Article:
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Hi, everyone. Despite having stuck around Kboards for three years or so, I don't have a whole lot of threads to my name. I'm more of a responder than a starter, I guess. But this seemed worth putting out there.

On Saturday, someone filed a 100% fraudulent DMCA take-down notice against Nolander with Amazon and Smashwords, which promptly blocked the book. Sending in my official U.S. copyright registration materials has done nothing to resolve the situation. Both retailers' position is that I and the DMCA complainant have to send in our written permission before Nolander can be made available again.

I wrote the whole story up as a blog post, including how I discovered for sure that this is some kind of scam. It's sort of long because there was a bit of detective work involved: http://the-active-voice.com/2015/03/01/nolander-blocked-at-amazon-and-smashwords/

The TL;DR is that someone can apparently just fabricate a claim of copyright infringement and send it on in, and that's that. I'm preparing a DMCA counter-notice, but I have no idea whether or not it will have any effect. Neither Amazon or Smashwords mentioned counter-noticing as a possible remedy. It's scary. Really scary.

***

Updating March 5 with the latest. What I sent to KDP a few days ago:

Dear (Rep's Name),

Thank you for prompt response, and for your assistance with this matter. I appreciate Amazon's careful attention to copyright issues.

Please find attached a DMCA counter-notice.

The DMCA notice you received from Rajesh Lahoti was fraudulent. Shortly after Amazon blocked my book from sale, Rajesh Lahoti initiated contact with me through my website, using an alias. He offered to help me with my "DMCA problem." I believe he is using the DMCA process as part of a scam.

I hope this matter can be resolved quickly. Please let me know if you have questions or need anything else from me. For instance, I have a signed hard copy of my counter-notice, which I would be happy to mail in.

Sincerely,
(Me)
What I just got:

Hello,

I'm so sorry, but we can't offer any additional insight or action on this matter. We are unable to provide you with legal advice. For any specific questions you have about your publishing rights, we recommend you consult an attorney or copyright law professional.

Until this dispute is resolved by all parties concerned, the titles will not be made available for sale in the Kindle Store.

Best Regards,

(Rep's name)
Amazon.com
Your feedback is helping us build Earth's Most Customer-Centric Company.
So, there's the answer to that question: Amazon does not consider itself legally bound by the DMCA counter-noticing provision.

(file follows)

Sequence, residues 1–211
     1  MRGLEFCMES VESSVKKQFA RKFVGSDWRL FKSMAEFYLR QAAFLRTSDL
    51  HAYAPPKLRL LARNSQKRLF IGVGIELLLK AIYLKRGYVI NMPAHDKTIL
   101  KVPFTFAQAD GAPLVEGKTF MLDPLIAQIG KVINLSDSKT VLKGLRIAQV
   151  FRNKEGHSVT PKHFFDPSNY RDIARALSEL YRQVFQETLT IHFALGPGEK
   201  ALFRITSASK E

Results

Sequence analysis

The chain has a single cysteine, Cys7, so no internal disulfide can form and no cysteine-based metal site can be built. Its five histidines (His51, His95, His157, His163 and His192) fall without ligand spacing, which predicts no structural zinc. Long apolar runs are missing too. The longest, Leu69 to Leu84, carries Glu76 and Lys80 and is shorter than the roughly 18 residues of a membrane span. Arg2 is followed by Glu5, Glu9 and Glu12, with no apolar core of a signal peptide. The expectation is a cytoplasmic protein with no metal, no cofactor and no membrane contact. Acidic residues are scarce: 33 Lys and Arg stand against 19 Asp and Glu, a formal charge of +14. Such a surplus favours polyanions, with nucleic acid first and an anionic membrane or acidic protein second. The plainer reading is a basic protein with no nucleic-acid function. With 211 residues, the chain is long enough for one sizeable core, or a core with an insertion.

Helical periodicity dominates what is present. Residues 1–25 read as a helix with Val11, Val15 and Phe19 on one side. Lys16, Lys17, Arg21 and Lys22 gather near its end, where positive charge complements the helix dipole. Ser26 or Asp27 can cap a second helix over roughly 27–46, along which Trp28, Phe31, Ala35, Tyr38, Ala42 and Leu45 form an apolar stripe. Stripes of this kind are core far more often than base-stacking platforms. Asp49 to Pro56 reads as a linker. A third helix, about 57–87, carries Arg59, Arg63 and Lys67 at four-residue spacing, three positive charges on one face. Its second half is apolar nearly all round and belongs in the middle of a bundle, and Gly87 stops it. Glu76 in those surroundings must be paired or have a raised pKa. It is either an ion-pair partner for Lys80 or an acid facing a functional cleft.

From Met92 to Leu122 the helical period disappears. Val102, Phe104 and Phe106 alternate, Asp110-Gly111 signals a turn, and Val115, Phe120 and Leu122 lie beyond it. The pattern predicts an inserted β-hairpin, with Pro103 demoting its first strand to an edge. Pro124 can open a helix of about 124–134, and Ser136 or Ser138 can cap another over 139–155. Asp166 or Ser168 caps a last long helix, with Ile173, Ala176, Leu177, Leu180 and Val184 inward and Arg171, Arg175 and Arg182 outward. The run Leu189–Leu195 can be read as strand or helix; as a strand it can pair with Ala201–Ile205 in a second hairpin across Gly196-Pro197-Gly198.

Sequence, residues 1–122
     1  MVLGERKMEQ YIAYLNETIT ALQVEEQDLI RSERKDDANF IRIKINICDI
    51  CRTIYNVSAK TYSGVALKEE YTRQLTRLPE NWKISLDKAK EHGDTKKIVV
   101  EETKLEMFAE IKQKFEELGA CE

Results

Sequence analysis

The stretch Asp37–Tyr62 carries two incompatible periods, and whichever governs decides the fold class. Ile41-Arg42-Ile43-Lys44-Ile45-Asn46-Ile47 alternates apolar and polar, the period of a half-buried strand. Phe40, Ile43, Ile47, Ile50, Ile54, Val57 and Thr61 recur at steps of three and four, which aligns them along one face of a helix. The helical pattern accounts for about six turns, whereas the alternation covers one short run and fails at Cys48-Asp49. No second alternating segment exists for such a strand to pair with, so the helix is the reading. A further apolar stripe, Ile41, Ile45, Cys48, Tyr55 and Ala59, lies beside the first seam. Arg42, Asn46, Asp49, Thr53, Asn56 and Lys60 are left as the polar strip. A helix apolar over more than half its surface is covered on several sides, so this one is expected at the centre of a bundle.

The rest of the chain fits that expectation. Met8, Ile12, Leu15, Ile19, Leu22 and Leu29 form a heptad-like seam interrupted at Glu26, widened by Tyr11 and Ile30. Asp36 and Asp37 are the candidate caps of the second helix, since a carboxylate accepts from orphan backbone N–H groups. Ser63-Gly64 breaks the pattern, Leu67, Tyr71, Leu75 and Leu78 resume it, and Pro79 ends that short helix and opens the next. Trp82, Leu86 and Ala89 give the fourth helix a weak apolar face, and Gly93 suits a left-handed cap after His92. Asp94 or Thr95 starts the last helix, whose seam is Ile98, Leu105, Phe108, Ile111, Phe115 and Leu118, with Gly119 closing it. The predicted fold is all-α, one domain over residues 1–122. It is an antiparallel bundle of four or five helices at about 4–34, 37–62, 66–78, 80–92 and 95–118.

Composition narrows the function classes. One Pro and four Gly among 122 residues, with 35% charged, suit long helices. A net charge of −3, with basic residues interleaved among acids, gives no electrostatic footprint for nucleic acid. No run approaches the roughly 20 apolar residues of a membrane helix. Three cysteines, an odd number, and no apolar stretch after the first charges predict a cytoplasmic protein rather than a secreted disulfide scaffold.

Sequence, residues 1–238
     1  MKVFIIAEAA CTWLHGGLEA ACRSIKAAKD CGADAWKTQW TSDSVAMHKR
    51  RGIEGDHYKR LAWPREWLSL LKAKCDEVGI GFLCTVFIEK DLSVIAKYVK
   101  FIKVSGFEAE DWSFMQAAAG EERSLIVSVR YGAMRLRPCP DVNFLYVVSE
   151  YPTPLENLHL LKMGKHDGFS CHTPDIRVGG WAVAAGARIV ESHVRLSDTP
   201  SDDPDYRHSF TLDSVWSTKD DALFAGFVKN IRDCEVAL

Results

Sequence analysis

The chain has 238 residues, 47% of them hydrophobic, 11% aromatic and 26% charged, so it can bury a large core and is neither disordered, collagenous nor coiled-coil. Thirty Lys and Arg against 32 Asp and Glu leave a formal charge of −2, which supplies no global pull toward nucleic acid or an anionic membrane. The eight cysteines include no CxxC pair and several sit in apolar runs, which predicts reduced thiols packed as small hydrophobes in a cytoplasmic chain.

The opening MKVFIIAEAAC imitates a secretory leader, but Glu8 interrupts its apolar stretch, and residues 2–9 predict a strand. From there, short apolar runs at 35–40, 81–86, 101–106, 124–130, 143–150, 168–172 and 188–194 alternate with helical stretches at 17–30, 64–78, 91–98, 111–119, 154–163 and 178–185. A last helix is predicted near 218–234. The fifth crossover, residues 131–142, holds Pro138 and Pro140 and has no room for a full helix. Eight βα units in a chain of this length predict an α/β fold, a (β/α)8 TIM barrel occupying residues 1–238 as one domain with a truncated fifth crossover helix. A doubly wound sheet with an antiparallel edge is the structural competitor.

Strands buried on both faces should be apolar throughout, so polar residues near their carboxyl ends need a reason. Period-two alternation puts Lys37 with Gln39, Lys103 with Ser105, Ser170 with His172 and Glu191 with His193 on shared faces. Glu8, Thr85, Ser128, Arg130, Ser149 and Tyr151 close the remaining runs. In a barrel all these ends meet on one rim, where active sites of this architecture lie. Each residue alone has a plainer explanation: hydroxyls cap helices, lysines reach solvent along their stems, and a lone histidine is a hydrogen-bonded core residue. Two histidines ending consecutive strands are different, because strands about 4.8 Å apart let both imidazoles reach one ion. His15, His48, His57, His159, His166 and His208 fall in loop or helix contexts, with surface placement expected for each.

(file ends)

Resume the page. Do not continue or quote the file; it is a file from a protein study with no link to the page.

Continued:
***

A final update (March 10), for anyone coming upon this thread in the future: Amazon did agree to restore Nolander. It took an email to Jeff Bezos ([email protected]) to reach people high enough up in the company to get personalized attention. So, it all worked out well for me.

If something like this happens to you, please bump this thread to let the Writers' Cafe know about it. Indie authors may remain vulnerable to this kind of scam. Hopefully Amazon will be adjusting its DMCA-related policies, but we'll have no way to know whether or not they've done that until the person's experience.

ETA: Links to other possible/proven copyright attacks: http://www.kboards.com/index.php/topic,224280.0.html (added October 19, 2015); http://www.kboards.com/index.php/topic,226272.0.html (added November 16, 2015)
 

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That is scary!  Good luck on getting this resolved.  It seems like the retailers would be more willing to try and help out with something like this.
 

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Wow!  I read your blog post.  That is insane!!

There is nothing stopping anyone from doing this to anyone's books and then blackmailing them in order to get the books put back up.  Welcome to the new India/Nigeria scam.  Amazon will need to amend their policies because I see this as something that could get out of hand.
 

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I do not understand how retailers can just wipe their hands of this. How on earth are you to resolve it if the complainant is lying? I hope this gets resolved quickly.
 

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That's horrible! I am so sorry. What a scary situation. I hope everything works out for you. Please keep us posted.
 

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Seems like a case where you might be better off getting professional legal consulting if Amazon doesn't remedy this in a few days/week tops.

I'd consider a law-suit against this fraudulent complaint, and the person who made it, because it has and continues to cause you financial losses and personal stress. Of-course, a disturbingly large up-front investment might be required for legal services. But if the chance of winning and having the other person be forced to pay for the costs, is high enough, then I'd pursue it.

If I had the money, I'd pursue legal action on principle.